One of the most universal provocations in our society is bad drivers. Nearly every day on the road we encounter circumstances that increase our stress and anger. I am grateful for these situations because they remind me of a very simple lesson. Often what we want to do the least, is what we need to do the most. The other day I was driving my normal route to work. As I rounded a curve I encountered a car that was parked so that it was blocking both the bike lane and part of my lane. I had to step on the brakes to avoid hitting the car. Fortunately traffic was light so I was able to switch into the other lane with no difficulty. Immediately I was angry. How inconsiderate of that driver! How irresponsible! Dangerous! Selfish! Before long I had turned a nameless, faceless driver into my arch nemesis.
I was reminded of just how difficult it can be to control emotions. I teach it on an almost daily basis and yet I am nearly unraveled by one crummy driver. I imagine what I would say to people I work with if they found themselves in the same situation. “Take a deep breath. Ask yourself if it is worth getting upset about…” I think this is generally good advice. The problem is that anger can feel really good. It can feel good to get indignant about all the bad drivers out there. When it comes to anger the last thing I want to do is take a deep breath and demonstrate patience or grace, which is exactly what is needed. This doesn’t just apply to anger. How about patience? It is easy to be patient when I am getting everything I want when I want it. The challenge comes when things are not going my way. How about forgiveness? It is easy to believe in forgiveness as a concept, especially when we haven’t been mistreated. The difficulty comes when we have been treated maliciously. The last thing I want to do in that case is forgive and yet it is what is most beneficial.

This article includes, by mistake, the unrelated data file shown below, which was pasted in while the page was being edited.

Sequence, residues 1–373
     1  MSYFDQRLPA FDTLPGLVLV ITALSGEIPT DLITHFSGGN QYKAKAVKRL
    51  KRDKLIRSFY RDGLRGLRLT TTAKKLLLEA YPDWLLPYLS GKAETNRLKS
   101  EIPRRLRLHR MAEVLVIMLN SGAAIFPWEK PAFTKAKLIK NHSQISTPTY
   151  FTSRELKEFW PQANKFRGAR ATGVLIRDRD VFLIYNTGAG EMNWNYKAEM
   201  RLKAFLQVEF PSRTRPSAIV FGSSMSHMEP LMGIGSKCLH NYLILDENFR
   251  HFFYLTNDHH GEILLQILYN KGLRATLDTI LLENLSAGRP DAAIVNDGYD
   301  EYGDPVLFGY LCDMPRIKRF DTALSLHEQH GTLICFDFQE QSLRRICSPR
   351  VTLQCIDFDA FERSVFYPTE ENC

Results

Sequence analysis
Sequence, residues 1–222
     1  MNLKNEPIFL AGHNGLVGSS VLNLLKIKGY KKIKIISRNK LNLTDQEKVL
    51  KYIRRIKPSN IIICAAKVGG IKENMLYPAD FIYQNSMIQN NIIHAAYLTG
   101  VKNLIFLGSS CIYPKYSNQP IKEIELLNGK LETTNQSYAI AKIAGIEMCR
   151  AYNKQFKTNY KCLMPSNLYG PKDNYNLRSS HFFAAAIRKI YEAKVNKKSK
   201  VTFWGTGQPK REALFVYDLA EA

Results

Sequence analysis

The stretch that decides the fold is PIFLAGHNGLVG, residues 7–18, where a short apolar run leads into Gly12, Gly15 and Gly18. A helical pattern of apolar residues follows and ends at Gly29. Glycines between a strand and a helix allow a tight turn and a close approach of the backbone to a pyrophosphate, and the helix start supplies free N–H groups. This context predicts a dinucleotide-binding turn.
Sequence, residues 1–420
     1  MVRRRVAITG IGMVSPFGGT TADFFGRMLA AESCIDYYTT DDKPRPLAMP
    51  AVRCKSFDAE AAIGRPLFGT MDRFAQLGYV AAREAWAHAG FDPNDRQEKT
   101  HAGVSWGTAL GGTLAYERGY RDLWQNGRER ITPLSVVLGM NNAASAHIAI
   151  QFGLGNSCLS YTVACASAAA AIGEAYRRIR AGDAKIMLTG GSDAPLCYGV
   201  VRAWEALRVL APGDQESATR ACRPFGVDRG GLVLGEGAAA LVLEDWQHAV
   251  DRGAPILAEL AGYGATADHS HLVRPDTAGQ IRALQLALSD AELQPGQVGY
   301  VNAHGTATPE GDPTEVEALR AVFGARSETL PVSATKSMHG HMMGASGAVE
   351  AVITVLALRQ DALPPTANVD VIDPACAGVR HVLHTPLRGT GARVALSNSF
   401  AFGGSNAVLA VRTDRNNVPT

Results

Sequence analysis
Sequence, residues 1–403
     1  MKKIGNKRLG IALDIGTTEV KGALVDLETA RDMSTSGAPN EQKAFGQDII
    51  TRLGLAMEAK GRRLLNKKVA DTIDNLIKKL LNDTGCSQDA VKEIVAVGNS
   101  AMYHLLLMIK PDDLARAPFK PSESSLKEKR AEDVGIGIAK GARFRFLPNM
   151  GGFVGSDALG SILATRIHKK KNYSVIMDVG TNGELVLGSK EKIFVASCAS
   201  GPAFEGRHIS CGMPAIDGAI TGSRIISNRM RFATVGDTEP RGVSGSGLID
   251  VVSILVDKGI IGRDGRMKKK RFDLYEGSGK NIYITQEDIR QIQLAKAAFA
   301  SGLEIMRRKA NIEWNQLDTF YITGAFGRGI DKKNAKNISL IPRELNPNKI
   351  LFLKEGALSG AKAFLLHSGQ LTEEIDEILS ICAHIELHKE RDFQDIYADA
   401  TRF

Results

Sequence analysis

I haven’t found a magical potion for making the right thing the easy thing. I have found that we can get better with practice. Maybe we can’t snap our fingers and snuff out our anger but perhaps we can take 2 minutes to get over it instead of 5. Maybe I can’t demonstrate the patience of Gandhi but perhaps I can be a bit more patient today then I was yesterday. Maybe I am not ready to forgive today but maybe I will be tomorrow. What is most necessary is often the last thing we want to do. Everyday is an opportunity to bring the right thing a bit closer to becoming the easy thing.